Not necessarily, of course. The "green" movement, the "whole foods" movement, the "minimizing" movement could focus on the importance of equal responsibilities within the family. But, by and large, they don't. Just as the issue of privilege tends to be ignored or minimized ("gee, it only takes a little sacrifice"), the gender problem tends to be ignored or minimized ("one partner can stay home", as if that "one partner" wasn't the woman in a heterosexual relationship, 95% of the time). 

Don't get me wrong. If I had more hours in the day, more energy, more money, I would put them into better health for my family. But, at the moment, I can barely keep the dirty clothes from building up on the floor, the dishes from piling up in the sink, or my job (and my husband's job is dependent on mine, so I can't just stay home). In other words, if there's a hierarchy of needs for the family, then I'm well above "basic subsistence", but not yet to "home-canning tomatoes", even though I'd like to be. And I'm not alone. Our food industry, food distribution system, employment and gender structures make it very difficult for poor families and two-income families to provide healthy food for their children. By ignoring issues of privilege and gender, we're suggesting cures that put more pressure on individuals ("can't you just make those little necessary sacrifices?") rather than dealing with the underlying structural problems. We're creating a situation where only the privileged are given access to health, and where traditional gender roles are imposed in order to provide it. Maybe that's what we want as a society, but that should be the discussion, not whether or not it's worthwhile to "give up" an iPhone in order to eat well.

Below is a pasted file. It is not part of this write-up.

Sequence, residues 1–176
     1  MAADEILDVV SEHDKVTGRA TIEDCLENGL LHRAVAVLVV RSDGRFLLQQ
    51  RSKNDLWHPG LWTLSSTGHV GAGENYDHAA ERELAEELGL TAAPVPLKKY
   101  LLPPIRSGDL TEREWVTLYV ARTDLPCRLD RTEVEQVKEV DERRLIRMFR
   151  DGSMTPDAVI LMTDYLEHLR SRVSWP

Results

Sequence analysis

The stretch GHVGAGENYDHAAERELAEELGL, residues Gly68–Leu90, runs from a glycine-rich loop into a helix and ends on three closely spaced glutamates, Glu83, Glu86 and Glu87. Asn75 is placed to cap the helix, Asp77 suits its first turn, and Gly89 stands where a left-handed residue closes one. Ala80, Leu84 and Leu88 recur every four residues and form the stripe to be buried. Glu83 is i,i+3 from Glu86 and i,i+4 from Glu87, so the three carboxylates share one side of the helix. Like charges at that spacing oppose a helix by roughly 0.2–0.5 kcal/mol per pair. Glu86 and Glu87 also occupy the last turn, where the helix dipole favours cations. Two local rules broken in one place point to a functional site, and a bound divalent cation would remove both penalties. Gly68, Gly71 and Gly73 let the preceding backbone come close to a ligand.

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*Am I the only person who dislikes this term because it seems dismissive and condescending?